Beloved character Ahsoka Tano comes alive in her own novel and audiobook in this long-awaited story by E.K. Johnston.
As Anakin Skywalker’s Padawan, Ahsoka gained a legion of loyal fans clamoring to know how the young Jedi went from Clone Wars to Rebels. There is a good deal of set-up in this audiobook, but that’s to be expected. It really takes until chapter 7 to see the bad news (i.e. actual plot) brewing. But the lead-up to the main plot, while not thrilling, is revealing, and that may be its chief attraction to Clone Wars fans. Ahsoka’s guilt over having left the academy and then not been killed during Order 66 is palpable; survivor’s guilt is a real thing with this protagonist, and it gives her a human side (so to speak) to the swashbuckling, tough-talking Togruta that most of the others see. Ahsoka shows great thoughtfulness and ingenuity rather than relying on combat, and her situation uniquely positions her to avoid use of (or at least over-reliance upon) the Force, which makes her adventure all the more tense, at least in its opening pages.
As with most Star Wars canon, Johnston’s dialogue veers strongly into “pulp” and melodrama – though this is not a bad thing, per se, and will come as no surprise to Star Wars fans. One particular quibble listeners may catch on to: some of Johnston’s dialogue comes across as distinctly Western, if not outright American. “Don’t bug her if she doesn’t want to be bugged,” for example, seems a distinctly American idiom. Obviously no one – almost no one – wants to read a novel in a completely made-up language for the sake of “reality,” but idioms like these arise from a specific time and place, making their use in a galaxy far, far away somewhat jarring.
Or perhaps “sloppy” is a better word. Billed as a young adult novel, Johnston proves adept at drawing a character readers aged 12-to-15 can admire and relate to as Ahsoka tries to find her place in a world gone mad around her as the Empire grows. In such a novel, focused on such young characters, it’s natural to slip into terms like “don’t bug her” rather than the more mature “don’t bother her.” While such language gives the dialogue a ring of youthfulness, it still sometimes hits an off-note as being inauthentic to this universe, and so may be a result of sloppy editorial consideration.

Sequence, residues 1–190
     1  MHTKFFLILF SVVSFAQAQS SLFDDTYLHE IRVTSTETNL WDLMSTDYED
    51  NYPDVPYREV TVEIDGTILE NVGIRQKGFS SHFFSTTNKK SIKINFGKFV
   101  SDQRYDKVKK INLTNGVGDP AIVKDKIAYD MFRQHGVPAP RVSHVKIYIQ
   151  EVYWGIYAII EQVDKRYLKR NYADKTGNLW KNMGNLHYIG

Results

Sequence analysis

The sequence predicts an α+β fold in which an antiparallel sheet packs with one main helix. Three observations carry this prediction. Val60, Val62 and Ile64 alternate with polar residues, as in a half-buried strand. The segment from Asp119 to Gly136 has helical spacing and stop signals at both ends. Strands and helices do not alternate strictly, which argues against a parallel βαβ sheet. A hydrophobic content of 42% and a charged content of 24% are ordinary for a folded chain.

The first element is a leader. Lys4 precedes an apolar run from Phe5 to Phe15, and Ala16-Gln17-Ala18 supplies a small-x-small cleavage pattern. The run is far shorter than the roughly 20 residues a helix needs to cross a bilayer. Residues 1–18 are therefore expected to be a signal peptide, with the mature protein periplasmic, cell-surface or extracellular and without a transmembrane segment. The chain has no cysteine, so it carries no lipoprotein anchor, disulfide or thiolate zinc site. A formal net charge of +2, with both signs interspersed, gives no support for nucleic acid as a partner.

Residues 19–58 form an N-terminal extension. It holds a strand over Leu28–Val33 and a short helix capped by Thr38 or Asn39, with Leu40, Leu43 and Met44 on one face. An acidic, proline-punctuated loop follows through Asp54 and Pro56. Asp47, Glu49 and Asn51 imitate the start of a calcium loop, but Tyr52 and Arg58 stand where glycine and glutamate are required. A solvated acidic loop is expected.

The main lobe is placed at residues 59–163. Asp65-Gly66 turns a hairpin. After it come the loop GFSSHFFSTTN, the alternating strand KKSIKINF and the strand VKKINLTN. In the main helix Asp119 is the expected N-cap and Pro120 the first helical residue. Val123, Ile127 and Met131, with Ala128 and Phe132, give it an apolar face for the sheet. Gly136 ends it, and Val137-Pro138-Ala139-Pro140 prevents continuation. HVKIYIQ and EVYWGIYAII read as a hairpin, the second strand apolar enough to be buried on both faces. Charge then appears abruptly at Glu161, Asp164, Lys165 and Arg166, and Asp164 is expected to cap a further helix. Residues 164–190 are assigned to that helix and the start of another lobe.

Eckstein does an admirable job of attempting to differentiate the various character voices, and it’s a tall order for any narrator, but she doesn’t quite have the range other audiobook narrators do. True, hers is a clear and confident voice, yet overall seems not quite Star Wars—ironic, of course, given that she is the only actor to have voiced Ahsoka thus far. Fans will appreciate her return to the character, but voiceover is not the same skill as narration, and Eckstein does a somewhat middling job as narrator. Fans will likely applaud Eckstein’s inclusion in this production, but critics may find her not so well-rounded as more seasoned narrators. Her narrative voice is, however, clear and strong throughout.
The inclusion of music and sound effects in this audio production is not bad. It’s not necessary, either, but not bad. Or, worse – perhaps it is necessary to draw attention away from any deficits in the reading or story? In any case, the sound effects were well-balanced aurally, which really ought to be expected of a product associated with one of the world’s biggest entertainment franchises; production value here is high.
Occasional bursts of insight into Obi Wan and Anakin are enjoyable.; like any good Star Wars property, it fleshes out the prime characters we love so much. Shifts in POV seemed a matter of convenience rather than deliberate storytelling choices on Johnston’s part. The use of a board game to instigate Very Clever Ideas! was a bit old hat, but sufficient to keep things moving.
Ahsoka is a bridge novel, connecting the end of her journey in Clone Wars to her reappearance in Rebels. It is a welcome addition for those already fans of Star Wars audiobooks and of this breakout character, but not one recommended for listeners new to the Star Wars novel- or audio-universes.
Rating: 3.5 stars
Fans have long wondered what happened to Ahsoka after she left the Jedi Order near the end of the Clone Wars, and before she re-appeared as the mysterious Rebel operative Fulcrum in Rebels. Finally, her story will begin to be told. Following her experiences with the Jedi and the devastation of Order 66, Ahsoka is unsure she can be part of a larger whole ever again. But her desire to fight the evils of the Empire and protect those who need it will lead her right to Bail Organa, and the Rebel Alliance.
Star Wars: Ahsoka by E.K. Johnston (narrated by Ashley Eckstein)
Series: Star Wars
Hardcover: 400 pages
Publisher: Disney Lucasfilm Press (October 11, 2016)